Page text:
Tag Archive: Attentat


Manchester-Terror


Unsichtbare Explosion(en) und Widersprüche beim „Terror“ in Manchester


von Trolls_of Vienna

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Ergänzend zum sog. „islamistischen Terror“ (im weiteren aber nur bedingt empfehlens­wert): Weiterlesen


Eine etwas ironische Betrachtung

Was haben wir — lt. der MSM-raufundrunter-Berichterstattung?

1 LKW (Sattelschlepper) mit

polnischem Kennzeichen,

aus polnischer Spedition gestohlen (lt. poln. Meldung) oder

von einer Baustelle;

afghanischer (oder pakistan.) Fahrer (als „Flüchtling“ nach D. gekommen und nach dem Ereignis schon wieder „geflüchtet“, aber geschnappt);

1 toter Beifahrer (evtl. poln. StA)

unterwegs von Turin (?) nach Berlin (als Zwischenstopp, aber nicht am Wartepunkt angekommen) mit Stahlträgern als Ladung

 (Stand: Montagnacht)

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Da geht’s ja mal wieder drunter und drüber — und nix paßt so recht zusammen.

Hat jemand von Euch hier dieses Monstrum von LKW gesehen?  — Nicht, daß ich ’ne Ahnung hätte… aber wie ein Bau-Transporter schaut der mir eher nicht aus:

Der Lastwagen der Marke Scania gehört einer polnischen Spedition und hatte...
(Bild 1: LKW hinten geschlossen)
Lkw am Berliner WeihnachtsmarktA semi truck struck people gathered at a Christmas market in one of the busiest...
(Bild 2: re. Flügel hinten offen)                              (Bild 3)

 

An den/die Spezialisten hier: Weiterlesen


Interview mit General Remer

(ab min. 33:08)

Video: Hagal Rune

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My Role in Berlin on July 20, 1944

by Otto Ernst Remer

My assignment to the guard regiment “Grossdeutschland” in Berlin was actually a form of rest and recreation — my first leave from the front — after my many wounds and in recognition of my combat decorations, including the Knight’s Cross with Oak Leaves and the Close Combat Badge in Silver (48 days of close combat). Later I would be wounded again. In all I was to command the guard regiment for only four months, since I felt obligated to be back with my comrades at the front.

My mission as commander of the guard regiment “Grossdeutschland,” which I took over at the end of May 1944, was, aside from purely ceremonial duties, to safeguard the Reich government and the Reich capital. Since there were more than a million foreign workers in Berlin and its immediate vicinity, the possibility of internal unrest had to be taken into account. Around noon on July 20, 1944, First Lieutenant Dr. Hans Hagen, who had been severely wounded at the front, concluded his lecture on cultural history before the officers and NCOs of the regiment. He was attached to my regiment only administratively and in no way as a National Socialist political officer, as has often been reported. I was the regiment’s sole leader, politically as well as militarily.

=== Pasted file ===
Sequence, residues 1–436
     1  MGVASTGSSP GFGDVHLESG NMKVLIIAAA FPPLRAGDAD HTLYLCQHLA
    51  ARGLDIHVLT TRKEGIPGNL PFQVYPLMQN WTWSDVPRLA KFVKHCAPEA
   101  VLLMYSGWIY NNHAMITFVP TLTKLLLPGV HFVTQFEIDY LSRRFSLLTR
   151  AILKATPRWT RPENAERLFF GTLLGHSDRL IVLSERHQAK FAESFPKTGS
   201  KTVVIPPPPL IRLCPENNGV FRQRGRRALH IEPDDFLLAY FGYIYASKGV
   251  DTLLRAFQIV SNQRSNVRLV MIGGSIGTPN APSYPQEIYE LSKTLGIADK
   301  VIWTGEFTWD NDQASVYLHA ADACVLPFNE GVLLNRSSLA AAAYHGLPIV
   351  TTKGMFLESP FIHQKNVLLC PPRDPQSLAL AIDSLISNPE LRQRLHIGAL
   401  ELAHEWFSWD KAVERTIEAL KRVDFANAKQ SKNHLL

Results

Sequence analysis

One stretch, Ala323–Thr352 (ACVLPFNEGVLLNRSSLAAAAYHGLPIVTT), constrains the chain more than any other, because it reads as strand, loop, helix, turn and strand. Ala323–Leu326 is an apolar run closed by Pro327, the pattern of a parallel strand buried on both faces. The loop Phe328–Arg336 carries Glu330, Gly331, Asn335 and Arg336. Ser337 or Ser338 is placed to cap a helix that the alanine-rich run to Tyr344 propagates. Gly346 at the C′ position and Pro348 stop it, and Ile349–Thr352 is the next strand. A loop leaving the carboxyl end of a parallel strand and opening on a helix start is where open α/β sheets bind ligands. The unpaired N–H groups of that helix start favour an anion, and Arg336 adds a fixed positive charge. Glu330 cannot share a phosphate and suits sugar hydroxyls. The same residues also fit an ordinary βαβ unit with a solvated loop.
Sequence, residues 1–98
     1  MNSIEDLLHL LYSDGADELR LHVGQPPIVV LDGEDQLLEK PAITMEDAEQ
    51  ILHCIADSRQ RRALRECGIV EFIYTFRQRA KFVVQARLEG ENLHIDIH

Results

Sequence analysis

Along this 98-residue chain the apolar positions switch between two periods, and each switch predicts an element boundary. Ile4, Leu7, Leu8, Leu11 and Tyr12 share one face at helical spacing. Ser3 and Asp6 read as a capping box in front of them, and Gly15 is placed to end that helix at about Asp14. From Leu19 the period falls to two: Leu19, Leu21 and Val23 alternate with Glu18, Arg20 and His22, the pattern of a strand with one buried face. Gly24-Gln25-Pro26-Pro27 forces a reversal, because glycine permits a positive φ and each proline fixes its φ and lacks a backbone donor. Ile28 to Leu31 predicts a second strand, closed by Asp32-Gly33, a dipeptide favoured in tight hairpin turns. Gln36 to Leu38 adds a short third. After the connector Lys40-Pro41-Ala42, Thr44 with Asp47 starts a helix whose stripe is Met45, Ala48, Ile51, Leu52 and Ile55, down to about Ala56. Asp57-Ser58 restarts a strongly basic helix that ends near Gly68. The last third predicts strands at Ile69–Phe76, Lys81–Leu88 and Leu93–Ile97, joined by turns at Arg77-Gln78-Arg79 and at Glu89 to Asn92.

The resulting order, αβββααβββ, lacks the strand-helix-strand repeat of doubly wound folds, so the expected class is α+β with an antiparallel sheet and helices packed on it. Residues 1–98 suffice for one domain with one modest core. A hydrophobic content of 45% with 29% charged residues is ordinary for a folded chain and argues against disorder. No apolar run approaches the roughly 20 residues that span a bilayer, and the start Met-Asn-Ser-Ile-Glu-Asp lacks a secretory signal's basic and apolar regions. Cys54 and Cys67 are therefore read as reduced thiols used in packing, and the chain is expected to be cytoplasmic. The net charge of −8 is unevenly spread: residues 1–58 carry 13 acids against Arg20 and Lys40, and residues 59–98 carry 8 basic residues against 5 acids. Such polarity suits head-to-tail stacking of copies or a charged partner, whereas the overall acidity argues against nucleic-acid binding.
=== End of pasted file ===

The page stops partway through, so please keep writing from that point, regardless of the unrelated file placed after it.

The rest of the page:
I had invited Hagen to lunch afterward in my quarters at the Rathenow barracks, together with my adjutant, First Lieutenant Siebert. Siebert, who had lost an eye in combat, was a pastor of the Confessional Church [a branch of the German Protestant Church that opposed Hitler]. He attended services every Sunday at the Garrison Church, with my express permission, although I myself had left the church. Among us personal freedom was the rule. Nor did it bother me that, after having been an SA stormtrooper and a member of the party during the years of struggle before Hitler came to power, he had resigned from both organizations to protest defamatory remarks by his local party leader concerning the ancestry of Jesus Christ. Lt. Siebert suffered no adverse consequences due to his resignation.

In those days that sort of thing was entirely possible, with no repercussions. Indeed, before I chose Siebert, due to his character, as my adjutant, he confided to me that while still a stormtrooper he had broken into a Gestapo office in order to obtain documents incriminating colleagues in the Confessional Church. For me Siebert’s frank admissions were just a further evidence of the personal élan that recommended him as a trustworthy adjutant That’s the way it was in the Third Reich, so widely demonized nowadays. Neither in my unit nor in the officer corps as a whole did there prevail the stubborn narrowmindedness, not to mention the sort of terror against dissenting opinions, that is carried on against nationalists in Germany today by the “Office for Constitutional Protection.” Nor have I ever heard that Pastor Siebert considered himself to be a “resistance fighter” or that he later pretended to have been one.

During the early afternoon of July 20, 1944, my regiment, like all units of the Replacement Army, was alerted by the codeword “Valkyrie.” “Valkyrie” provided for the mobilization of the Replacement Army in case of internal unrest. While my regiment automatically implemented the prescribed measures, I was summoned from the swimming pool. In compliance with my orders I drove immediately to my designated post, the Berlin City Command Center, directly across from the “Eternal Watch” honor guard. While the other unit commanders waited in the anteroom, I alone was admitted to the city commander, Major General von Hase, and given the following briefing on the situation and my assignment: Weiterlesen